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Title: The structure of the protein in the egg case of the praying mantis : including a discussion of the X-ray diffraction techniques used : with appendices on the analysis of the sequences of fibrous proteins
Author: Rattew, Christopher John
ISNI:       0000 0001 3509 0673
Awarding Body: University of Oxford
Current Institution: University of Oxford
Date of Award: 1974
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The thesis is mainly concerned with the structure of the protein in the egg case of the praying mantis. It continues the work of Rudall (1956), who showed that the protein was organised into lamellae and had an α-helical structure. He put forward two models: hexagonally packed α-helices, and two-stranded coiled coils arranged in layers. In the latter model, each coil is staggered from its neighbours by a quarter of the pitch, so as to allow optimum packing. Sections on the X-ray diffraction camera, analysis of errors in reciprocal lattice coordinates, analysis of sequences of fibrous proteins, and unsuccessful structural studies on sequential polyheptapeptides are also included. Lamellae may be removed from fresh egg cases, and ribbons from egg cases a few or more hours after production. Electron microscopy of negatively stained lamellae, positively stained lamellae and sectioned ribbons, and X-ray diffraction studies on the ribbons make it possible to postulate a model for the structure. The model is more detailed than Rudall's and has differences. It has layers of two-stranded α-helical coiled coils about 18Å thick packed in register to form 460Å thick lamellae about 1μm x 10μm. The layers are perpendicular to those in Rudall's model. The lamellae pack into ribbons with considerable disorientation. Coiled coils within an 18Å thick layer probably pack in a way similar to that in the layers of Rudall's model with a stagger of 2.5 x the pitch and a rotation of 90° between adjacent coiled coils. Each coiled coil has chains about 730 Å long staggered by about 55Å. Coiled coils interact end to end with an overlap of about 40Å, so as to leave gaps of about 15Å. The molecular length of 730Å is consistent with the molecular weight of 53,000 estimated from SDS gel electrophoresis. The molecular axis is parallel to the principal shear plane in the lamella. Fibres of this protein drawn from the first order gland give an X-ray diffraction pattern indicating a very similar structure. In the presence of water, uranyl acetate solution, neutralised phosphotungstic acid or a mixture of chlorobenzene and bromobenzene, the volume of the unit cell changes. X-ray diffraction evidence indicates that sliding occurs between coiled coils as the volume changes. The amount of lateral swelling is greater in the direction perpendicular to the surface of the lamella than in the direction parallel to it. Together with the different extents of the lattice in these directions, this is consistent with the model, which is different in these two directions. A discussion is included on the literature relating to X-ray diffraction cameras using a Frank s mirror and a quartz crystal monochromator. To this has been added calculations concerning focal size, resolution and intensity of the X-ray beam. The results of these are embodied in a discussion of camera design. An appendix is devoted to a method of estimating standard errors of reciprocal lattice coordinates. The analysis of the sequences of fibrous proteins and the statistical basis of this analysis are discussed in appendices. Preliminary calculations on tropomyosin have revealed periodicities which can be related to a 14 residue stagger between chains, in agreement with Hodges et al (1973), and to the repeat of the actin helix. Hydrophobia residues and possibly positively charged residues are arranged in a pattern which, on the present limited data, appears to be important in interactions with actin. Residues generally considered to disrupt helical structures are arranged in a band coiling around the α-helix. A technique enabling the D stagger in collagen to be identified is described. This also gives information which suggests how hydrophobic interactions are important in defining the pitch of the collagen molecules and the interactions between them. Arguments based on this technique show how pairs of opposite charges lead to interactions consistent with a five-stranded microfibril. There is also an appendix on attempts to produce oriented arrays of sequential polyheptapeptides, in order to obtain X-ray diffraction patterns. Another appendix describes how the colony of praying mantids was raised.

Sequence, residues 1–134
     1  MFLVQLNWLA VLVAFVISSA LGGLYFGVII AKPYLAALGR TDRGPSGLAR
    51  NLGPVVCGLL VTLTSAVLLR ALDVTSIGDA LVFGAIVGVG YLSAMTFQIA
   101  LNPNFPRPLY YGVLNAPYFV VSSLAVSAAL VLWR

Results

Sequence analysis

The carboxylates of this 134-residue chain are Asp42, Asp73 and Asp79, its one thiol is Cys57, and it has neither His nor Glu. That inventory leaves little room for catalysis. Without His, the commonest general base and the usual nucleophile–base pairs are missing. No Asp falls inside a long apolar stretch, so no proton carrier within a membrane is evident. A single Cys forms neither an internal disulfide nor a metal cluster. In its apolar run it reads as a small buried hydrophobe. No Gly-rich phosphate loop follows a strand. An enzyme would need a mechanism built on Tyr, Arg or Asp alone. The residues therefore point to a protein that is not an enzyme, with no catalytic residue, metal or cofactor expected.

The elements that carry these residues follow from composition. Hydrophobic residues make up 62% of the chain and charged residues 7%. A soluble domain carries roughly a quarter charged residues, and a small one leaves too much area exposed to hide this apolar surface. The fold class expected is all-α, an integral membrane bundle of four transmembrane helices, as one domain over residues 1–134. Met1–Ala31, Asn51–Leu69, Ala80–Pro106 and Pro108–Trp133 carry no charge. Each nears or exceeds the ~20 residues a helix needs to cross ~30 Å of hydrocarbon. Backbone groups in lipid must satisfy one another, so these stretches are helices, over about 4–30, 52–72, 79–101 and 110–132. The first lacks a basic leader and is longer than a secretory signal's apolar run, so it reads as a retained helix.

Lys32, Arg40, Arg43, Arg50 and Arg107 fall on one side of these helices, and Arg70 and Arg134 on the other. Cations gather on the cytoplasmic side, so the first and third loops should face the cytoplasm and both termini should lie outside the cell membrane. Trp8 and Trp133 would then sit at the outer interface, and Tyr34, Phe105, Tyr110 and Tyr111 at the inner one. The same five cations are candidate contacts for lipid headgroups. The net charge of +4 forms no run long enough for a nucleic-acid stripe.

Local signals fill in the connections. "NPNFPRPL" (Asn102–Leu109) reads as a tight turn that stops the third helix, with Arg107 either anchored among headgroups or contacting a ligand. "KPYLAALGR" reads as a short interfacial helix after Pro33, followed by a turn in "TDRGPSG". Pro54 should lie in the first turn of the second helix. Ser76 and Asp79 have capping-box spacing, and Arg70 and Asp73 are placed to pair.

Supervisor: Not available Sponsor: Not available
Qualification Name: Thesis (Ph.D.) Qualification Level: Doctoral
EThOS ID:  DOI: Not available